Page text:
Football Management

Commentary on the management of over 160 English football clubs by Dr John Beech, winner of the FSF Writer of the Year Award 2009/10 Twitter: @JohnBeech Curator of Scoop.it! Football Finance

Just how slow can a car crash be?

Posted by John Beech on July 3, 2011

On Tuesday we were told that the long-running Plymouth Argyle saga was on the verge of taking a significant turn according to Administrator Brendan Guilfoyle: “at a meeting with the preferred bidder held today, Tuesday, June 21, 2011, the terms of a formal sale and purchase agreement were agreed by both parties” (1).  These terms of course include the separation of ownership of the stadium and the club, invariably bad news for a club.

On Wednesday Peter Ridsdale, as ever the Spinmeister, announced “Our objective is to have [the deal] go through by the end of this week” (2), which, in my book at least, promptly increased the odds on this actually happening.

Sure enough, as I write, no deal has yet been announced.  Nor will any imminent deal have any significant impact on the longer term stability of the club.  There is still the issue of the club’s Golden Share to be resolved, and the potential fly in the ointment is Kevin Heaney, owner of Truro City Football Club and not entirely successful property developer (3).  Ridsdale happily purrs “Mr Heaney would only be the landlord of the [Home Park ground] and would have nothing to do with Plymouth Argyle Football Club. As long as the club is independently owned and financed, there is no reason why the Football League should complain.”  Predictably the Football  League’s chairman has promised that “the governing body will “rigorously enforce” its regulations before giving the takeover the green light” (4).  This is the Football League that rigorously enforced its regulations with respect to the anticipated removal of West Ham to Leyton Orient’s doorstep (5), so perhaps the Spinmeister has reason to be optimistic.  I doubt it however.

There is too the small matter of Ridsdale’s impending court case, which continues to cast a shadow over any new dawn in Argyle’s fortunes (details of the charges here).

As a Pompey fan, I am only too familiar with false dawns.  At present, the consensus among Portsmouth fans seems to be to give the new owners, Vladimir Antonov and Convers Sports Initiatives, a ‘fair chance’.  The Football League apparently have by sanctioning the takeover (6).  The Financial Services Authority were, against their general flow of approval, less inclined to allow another Vladimir Antonov business, the Lithuanian Bankas Snoras, to operate in the UK (7), the problem being a failure to provide all the required information to the regulator.  Another Antonov deal, the purchase of Spyker Cars from Saab attracted attention when there were allegations, strongly denied, that Antonov had links with the Russian mafia (8).

To me, it seems that, not only do we suffer from ineffective ‘Fit and Proper Person’ Tests in English football, we suffer from the lack of any Fit and Proper Governance Test.  While we are quick to (rightly) condemn what has been going on in FIFA of late, perhaps some mote-casting would be in order at the same time.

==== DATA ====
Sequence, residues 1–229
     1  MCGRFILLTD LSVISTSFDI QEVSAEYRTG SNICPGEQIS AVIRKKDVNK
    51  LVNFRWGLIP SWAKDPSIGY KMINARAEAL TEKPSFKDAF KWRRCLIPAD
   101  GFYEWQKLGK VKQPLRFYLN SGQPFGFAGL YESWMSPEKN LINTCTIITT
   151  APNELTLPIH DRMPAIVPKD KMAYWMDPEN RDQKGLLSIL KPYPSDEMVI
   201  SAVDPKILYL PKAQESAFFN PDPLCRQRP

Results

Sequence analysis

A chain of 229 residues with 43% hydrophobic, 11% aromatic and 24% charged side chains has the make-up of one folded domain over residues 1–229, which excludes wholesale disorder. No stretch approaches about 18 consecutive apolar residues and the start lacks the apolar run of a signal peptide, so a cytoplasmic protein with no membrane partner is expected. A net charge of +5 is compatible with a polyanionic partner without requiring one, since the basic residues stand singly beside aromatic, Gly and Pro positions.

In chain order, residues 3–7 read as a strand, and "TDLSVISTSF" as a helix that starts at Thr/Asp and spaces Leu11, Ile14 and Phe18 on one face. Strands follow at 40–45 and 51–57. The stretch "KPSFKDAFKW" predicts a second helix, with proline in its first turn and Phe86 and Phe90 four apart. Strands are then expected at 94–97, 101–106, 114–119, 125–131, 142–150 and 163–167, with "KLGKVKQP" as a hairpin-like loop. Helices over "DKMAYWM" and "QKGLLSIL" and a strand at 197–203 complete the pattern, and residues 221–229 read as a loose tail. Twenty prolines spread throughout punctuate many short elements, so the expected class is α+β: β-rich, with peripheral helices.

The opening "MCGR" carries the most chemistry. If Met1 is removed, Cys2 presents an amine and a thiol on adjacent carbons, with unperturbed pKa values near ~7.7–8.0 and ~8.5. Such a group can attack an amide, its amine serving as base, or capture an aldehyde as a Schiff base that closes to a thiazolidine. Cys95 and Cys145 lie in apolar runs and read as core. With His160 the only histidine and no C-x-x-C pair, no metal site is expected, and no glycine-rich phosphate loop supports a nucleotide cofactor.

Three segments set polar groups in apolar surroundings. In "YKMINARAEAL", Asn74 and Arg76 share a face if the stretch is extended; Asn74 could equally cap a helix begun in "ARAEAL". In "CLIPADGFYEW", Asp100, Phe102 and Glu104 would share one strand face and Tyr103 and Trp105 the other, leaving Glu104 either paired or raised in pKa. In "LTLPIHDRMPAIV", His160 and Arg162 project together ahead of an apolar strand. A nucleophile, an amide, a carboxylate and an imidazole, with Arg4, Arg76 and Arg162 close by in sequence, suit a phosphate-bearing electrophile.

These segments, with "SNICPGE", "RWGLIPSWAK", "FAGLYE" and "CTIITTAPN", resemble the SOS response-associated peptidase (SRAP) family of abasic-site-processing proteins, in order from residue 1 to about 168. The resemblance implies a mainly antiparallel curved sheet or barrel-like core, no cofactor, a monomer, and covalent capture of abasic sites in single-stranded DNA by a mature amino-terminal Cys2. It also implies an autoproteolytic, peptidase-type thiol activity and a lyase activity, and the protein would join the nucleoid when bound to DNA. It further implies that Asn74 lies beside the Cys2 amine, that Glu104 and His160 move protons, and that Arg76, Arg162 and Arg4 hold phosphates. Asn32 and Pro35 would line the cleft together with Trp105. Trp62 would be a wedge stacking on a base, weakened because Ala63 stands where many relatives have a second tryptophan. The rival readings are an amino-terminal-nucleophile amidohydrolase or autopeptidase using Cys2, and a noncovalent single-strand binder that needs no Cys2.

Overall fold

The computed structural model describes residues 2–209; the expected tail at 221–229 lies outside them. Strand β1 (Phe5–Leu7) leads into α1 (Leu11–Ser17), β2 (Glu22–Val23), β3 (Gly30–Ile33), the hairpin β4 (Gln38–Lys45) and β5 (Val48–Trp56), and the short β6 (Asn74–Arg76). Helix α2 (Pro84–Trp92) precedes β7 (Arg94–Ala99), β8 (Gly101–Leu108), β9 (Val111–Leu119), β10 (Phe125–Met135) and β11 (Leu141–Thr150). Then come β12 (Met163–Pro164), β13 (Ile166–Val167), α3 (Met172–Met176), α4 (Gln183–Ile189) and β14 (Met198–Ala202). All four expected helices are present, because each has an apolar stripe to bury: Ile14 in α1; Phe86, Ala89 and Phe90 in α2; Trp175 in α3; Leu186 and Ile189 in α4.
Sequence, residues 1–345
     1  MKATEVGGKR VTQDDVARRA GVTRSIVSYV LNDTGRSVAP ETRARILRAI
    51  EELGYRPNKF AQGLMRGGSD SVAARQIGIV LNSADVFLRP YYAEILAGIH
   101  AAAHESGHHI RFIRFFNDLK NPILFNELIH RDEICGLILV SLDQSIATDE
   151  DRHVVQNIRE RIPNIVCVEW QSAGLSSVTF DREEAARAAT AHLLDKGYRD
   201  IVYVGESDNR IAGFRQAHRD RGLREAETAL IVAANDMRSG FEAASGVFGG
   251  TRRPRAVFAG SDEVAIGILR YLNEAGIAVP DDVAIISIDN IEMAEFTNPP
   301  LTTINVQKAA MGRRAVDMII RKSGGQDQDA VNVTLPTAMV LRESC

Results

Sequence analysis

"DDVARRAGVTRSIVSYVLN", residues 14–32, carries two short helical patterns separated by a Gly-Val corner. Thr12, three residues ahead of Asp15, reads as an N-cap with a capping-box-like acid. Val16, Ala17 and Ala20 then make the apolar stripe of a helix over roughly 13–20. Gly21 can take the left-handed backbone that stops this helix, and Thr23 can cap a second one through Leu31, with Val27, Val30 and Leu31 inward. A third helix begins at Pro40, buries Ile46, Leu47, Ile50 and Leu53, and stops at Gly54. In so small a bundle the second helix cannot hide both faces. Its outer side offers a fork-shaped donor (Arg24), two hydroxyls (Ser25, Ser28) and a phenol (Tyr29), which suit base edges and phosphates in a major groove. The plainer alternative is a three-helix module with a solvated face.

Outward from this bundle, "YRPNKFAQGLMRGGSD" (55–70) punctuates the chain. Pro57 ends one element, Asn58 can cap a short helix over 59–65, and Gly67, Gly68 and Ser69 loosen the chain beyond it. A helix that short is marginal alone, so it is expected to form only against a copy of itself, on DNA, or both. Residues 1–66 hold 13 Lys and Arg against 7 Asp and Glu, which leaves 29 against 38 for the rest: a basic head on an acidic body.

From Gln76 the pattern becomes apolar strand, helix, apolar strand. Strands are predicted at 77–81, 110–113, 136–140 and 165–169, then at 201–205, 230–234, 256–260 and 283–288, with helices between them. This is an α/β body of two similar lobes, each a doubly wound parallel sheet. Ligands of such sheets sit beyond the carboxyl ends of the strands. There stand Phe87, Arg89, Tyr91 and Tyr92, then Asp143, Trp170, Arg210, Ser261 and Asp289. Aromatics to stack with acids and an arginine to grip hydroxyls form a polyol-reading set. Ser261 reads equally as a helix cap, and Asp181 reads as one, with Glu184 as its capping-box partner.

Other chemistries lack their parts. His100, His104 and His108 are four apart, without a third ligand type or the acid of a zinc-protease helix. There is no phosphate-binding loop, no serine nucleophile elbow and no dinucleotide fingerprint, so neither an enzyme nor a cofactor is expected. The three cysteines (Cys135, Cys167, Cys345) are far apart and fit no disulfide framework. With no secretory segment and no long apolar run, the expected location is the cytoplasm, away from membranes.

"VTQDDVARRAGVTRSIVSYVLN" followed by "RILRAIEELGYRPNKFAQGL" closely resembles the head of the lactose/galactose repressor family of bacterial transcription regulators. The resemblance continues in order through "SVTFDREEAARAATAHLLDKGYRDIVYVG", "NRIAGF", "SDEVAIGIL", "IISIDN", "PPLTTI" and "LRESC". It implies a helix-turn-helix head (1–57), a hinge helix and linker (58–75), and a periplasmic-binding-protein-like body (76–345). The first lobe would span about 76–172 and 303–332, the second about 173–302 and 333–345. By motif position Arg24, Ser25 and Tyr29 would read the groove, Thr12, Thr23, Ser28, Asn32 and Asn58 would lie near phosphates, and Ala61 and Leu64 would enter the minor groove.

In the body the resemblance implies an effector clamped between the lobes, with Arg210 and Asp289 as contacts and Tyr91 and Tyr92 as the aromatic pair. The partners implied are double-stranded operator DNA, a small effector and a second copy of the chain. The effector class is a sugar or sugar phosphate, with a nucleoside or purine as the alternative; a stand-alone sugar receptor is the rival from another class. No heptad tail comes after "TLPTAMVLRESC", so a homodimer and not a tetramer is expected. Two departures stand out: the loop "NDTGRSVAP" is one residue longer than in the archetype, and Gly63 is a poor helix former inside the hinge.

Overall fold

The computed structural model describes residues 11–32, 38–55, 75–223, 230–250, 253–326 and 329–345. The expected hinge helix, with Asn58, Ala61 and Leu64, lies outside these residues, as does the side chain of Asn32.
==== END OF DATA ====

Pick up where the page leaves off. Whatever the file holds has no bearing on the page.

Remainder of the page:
UPDATE – 5 July 2011

Apparently the deal is “all on track“, although presumably that’s the track with leaves on it.

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5 Responses to “Just how slow can a car crash be?”

  1. Rob said

    Another excellent article.

    The problem with the Fit & Proper Persons Test is that it boils down to what you have done in the past, with no real sanction unless you take clubs into administration twice in five years, or the law catches up with you first (and even then as we saw with Stephen Vaughan and Chester City, if a businessman is unscrupulous enough to rack up debts and not pay the bills, little things like the FAPPT and being disqualified as a director aren’t going to get in their way wither). The FAPPT needs to come with some sort of financial bond/deposit that’s only returned in the event that the club is in a solvent position when the director/owner leaves. I’d also not make the FAPPT apply for Trust director, as Trusts have their own mechanisms for removing their appointed board representatives.

    • John Beech said

      I’m with you Rob, but would probably go even further. To me, FAPPT + bond = licencing clubs.

  2. [...] Just how slow can a car crash be? (footballmanagement.wordpress.com) [...]

  3. “As long as the club is independently owned and financed, there is no reason why the Football League should complain,” says Ridsdale above.
    “Its going to take 12 months before we can get the club breaking even and as part of the initial purchase I want to make sure we can get enough money up to that point,” says Ridsdale to the BBC last month.
    “As part of that initial purchase”? So this “enough money” is coming from the preferred bidders, then? Not “independently financed”, then? The Football League should complain, then?
    Unless Ridsdale is funding things himself, even though he’s been working unpaid for Plymouth all year. He says.
    Right-o…

  4. [...] How slow can a car crash be? John Beech – Football Management [...]

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